By Alissa Greenberg
August 12, 2015

A prominent Australian doctor has suggested that obese or overweight people could ponder victims of the Nazi Holocaust and the harsh dietary regimes they were forced to follow.

Dr. Ric Gordon, who appears regularly as a medical expert on morning show Today made the program’s host visibly uncomfortable when he remarked during the live Wednesday broadcast that “There were no overweight people in the concentration camps.”

He was attempting to support his view that ultimately diet and not exercise is responsible for weight loss.

“Now, they weren’t exercising a lot, they just weren’t eating,” Gordon added.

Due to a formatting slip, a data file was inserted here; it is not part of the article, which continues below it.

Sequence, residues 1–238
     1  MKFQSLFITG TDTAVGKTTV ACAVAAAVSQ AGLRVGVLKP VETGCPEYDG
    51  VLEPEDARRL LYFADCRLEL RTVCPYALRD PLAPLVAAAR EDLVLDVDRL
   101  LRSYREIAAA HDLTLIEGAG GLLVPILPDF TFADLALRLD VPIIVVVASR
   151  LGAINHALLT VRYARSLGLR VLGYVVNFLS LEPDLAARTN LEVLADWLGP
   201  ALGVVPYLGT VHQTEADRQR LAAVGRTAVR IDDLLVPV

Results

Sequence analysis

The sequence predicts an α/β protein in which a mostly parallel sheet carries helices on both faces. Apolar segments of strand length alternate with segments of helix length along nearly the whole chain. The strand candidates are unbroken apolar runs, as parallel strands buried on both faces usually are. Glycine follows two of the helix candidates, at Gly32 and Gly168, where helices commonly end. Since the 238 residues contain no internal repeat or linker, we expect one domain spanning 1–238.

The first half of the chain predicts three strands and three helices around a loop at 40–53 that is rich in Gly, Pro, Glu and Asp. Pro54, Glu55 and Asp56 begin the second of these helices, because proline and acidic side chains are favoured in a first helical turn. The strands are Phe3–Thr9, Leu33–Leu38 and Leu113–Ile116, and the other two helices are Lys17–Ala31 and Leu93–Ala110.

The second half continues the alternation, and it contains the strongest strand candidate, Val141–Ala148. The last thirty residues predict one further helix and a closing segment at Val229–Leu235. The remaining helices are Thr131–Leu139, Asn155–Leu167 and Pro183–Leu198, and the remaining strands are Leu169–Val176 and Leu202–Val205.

According to an educational website run by the London Jewish Cultural Centre, diets in the Nazi-run camps consisted of imitation coffee or tea for breakfast, “watery soup” for lunch and 300 grams of bread for dinner, together with “a tiny piece of sausage, or margarine, marmalade or cheese.”

Far from not “exercising a lot,” many prisoners were forced to do tough manual labor in slave-like conditions.

The site says: “The lack of food, poor diet and hard labor caused the prisoners to suffer from starvation sickness. They lost weight and muscle tissue and many thousands died. Others became too weak to work and were then murdered in the gas chambers.”

Today host Karl Stefanovic distanced himself from Gordon on set, saying “Righto, see you very soon” before addressing the audience with “He said it, not me.”

Contact us at editors@time.com.

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